Creative Arts Clinical Supervision

Creative Arts Clinical Supervision.

I can work with individuals and groups. I offer supervision for both unqualified and qualified therapists. (PTUK and BACP) and other professionals in schools.

So, what is supervision?

“Supervision is a joint endeavour in which a practitioner with the help of the supervisor, attends to their clients, themselves as part of the client practitioner relationships and the wider systemic context and by doing so improves the quality of their work, transforms their client relationships, continuously develops themselves, their practice and the wider profession.” (P.60, Hawkins and Shohet).
I feel the function of supervision is to provide a regular safe and contained space. Where a collaborative approach can be taken to support a process of learning, development and reflection and offer the potential of a wider perspective.

I feel it is important to take time to establish a relationship. Where openness and honesty can develop. The space may then become a place of mutual respect, and a reciprocal process can unfold.
When using creative exploration, it allows both supervisee and supervisor to journey together, gently following and exploring all the nuances of their client work, its many twists and turns, and explore ‘non-logical’ thinking which can be shared as a ‘forgotten language’ to deepen incite and strengthen relationships.

“At the most basic level, therefore, secure attachments in both childhood and adulthood are established by two individuals’ sharing a nonverbal focus on the energy flow (emotional states) and a verbal focus on the information-processing aspects (representational processes of memory and narrative) of mental life. The matter of the mind matters for secure attachments.” (P.412. Siegel).

Why Have Supervision?

Supervision is of course an essential part of working therapeutically and ensures safe practice. But furthermore, it intends to challenge and reinforce good practice.

It provides emotional support, which promotes self-care and reduces the likelihood of burnout. Also Supervision aims to ensure that practitioners, continue to develop, learn and gain objective insight into their own performance and skills. It additionally provides an opportunity to learn and practise new skills and to find better ways to work with clients.

Within the context of supervision trainee play therapists will have an opportunity to develop their sense of professional identity look at their own beliefs and attitudes in relation to their clients and their work. More experienced practitioners will equally be able to use the space to continue their development. This will lessen the likelihood of these impacting negatively on their therapeutic relationships and ensure they are working with the client’s values and beliefs and not their own.

The three key aspects of supervision are Education, Support and Accountability. I will Educate by drawing on my own knowledge base of working as a play therapist and theories that underpin the practice including the use of the ‘Axline principles’ (1947). I will offer support through focussing on the needs of the client, without judgement and interpretation, letting them lead the way and seeing them as competent and able. Accountability will be attended to by supporting the use of Caerus and working within the ethical framework, encompassing Fidelity, Autonomy, Beneficence, Maleficence, and Justice.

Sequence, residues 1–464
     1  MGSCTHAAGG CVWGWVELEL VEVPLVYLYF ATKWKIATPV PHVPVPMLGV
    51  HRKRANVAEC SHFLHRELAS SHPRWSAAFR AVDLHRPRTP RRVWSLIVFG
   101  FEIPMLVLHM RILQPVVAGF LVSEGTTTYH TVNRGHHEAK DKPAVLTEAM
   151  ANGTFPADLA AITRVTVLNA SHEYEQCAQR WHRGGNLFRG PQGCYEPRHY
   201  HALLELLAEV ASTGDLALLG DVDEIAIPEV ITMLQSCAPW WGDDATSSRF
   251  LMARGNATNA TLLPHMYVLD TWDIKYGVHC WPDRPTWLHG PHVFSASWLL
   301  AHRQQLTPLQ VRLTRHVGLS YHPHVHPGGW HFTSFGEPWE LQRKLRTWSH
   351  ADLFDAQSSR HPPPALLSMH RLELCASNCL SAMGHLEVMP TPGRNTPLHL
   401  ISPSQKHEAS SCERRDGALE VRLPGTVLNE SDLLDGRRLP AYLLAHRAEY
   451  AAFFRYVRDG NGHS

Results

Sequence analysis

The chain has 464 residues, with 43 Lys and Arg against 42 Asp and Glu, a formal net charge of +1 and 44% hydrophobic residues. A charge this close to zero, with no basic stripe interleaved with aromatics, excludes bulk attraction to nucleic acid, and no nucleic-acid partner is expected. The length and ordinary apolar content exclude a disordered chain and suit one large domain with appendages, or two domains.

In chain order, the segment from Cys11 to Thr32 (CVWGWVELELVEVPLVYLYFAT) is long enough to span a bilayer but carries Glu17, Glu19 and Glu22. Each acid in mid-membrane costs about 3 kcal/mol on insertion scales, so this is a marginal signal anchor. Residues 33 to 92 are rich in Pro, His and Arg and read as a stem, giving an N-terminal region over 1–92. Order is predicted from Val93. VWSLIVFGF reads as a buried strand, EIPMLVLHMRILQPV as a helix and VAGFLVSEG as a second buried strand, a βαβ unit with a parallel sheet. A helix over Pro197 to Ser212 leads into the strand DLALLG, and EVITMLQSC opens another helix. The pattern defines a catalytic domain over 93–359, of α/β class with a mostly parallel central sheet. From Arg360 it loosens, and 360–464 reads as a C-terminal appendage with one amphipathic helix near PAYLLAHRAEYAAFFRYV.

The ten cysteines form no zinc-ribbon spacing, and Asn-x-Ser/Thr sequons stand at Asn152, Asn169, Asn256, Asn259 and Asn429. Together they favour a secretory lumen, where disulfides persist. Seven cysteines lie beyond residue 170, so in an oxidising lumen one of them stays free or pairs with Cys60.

What will I Strive to Bring.

As I fully recognise the importance of relationship. I will offer a Person-centred approach, holding in mind the Carl Rodgers Core Conditions (1986), Empathy, Congruence and Unconditional Positive Regard. I believe that;
“The individual has within himself or herself vast resources for self-understanding, for altering his or her self-concept, attitudes and self-directed behaviour – and that these resources can be tapped into, only if a definable climate of facilitative psychological attitudes can be provided’.

As I value the creative process as a way of accessing the unconscious and providing a parallel process, I offer my supervisees the opportunity to work creatively. Working creatively can be playful, spontaneous and experiential and this can also strengthen the relationship and mirrors the potential of the play therapy space.
However, I recognise that working with metaphor, or fantasy can be tricky for some, especially those that favour right brain processes and tend to intellectualise. Therefore, it may take time to feel safe enough to do this. So whilst this method is offered, it is simply that, an offer, ready to be taken up when and if ready.
Furthermore, I recognise that supervision is different to therapy and I aim to meet with supervisees on an adult to adult level. (Bern 1961).

Ultimately, my work as a creative supervisor is a dual process, to provide the supervisee with the essentials to view the watery depths of the unconscious, and successfully navigate a path.

‘ Water does not resist. Water flows. When you plunge your hand into it, all you feel is caress. Water is not a solid wall, it will not stop you. But water always goes where it wants to go and nothing in the end can stand against it. Water is patient. Dripping water can wear away a stone. Remember that, my child. You are half water, if you can’t go through an obstacle, go round it, water does.’ (Atwood. 2006).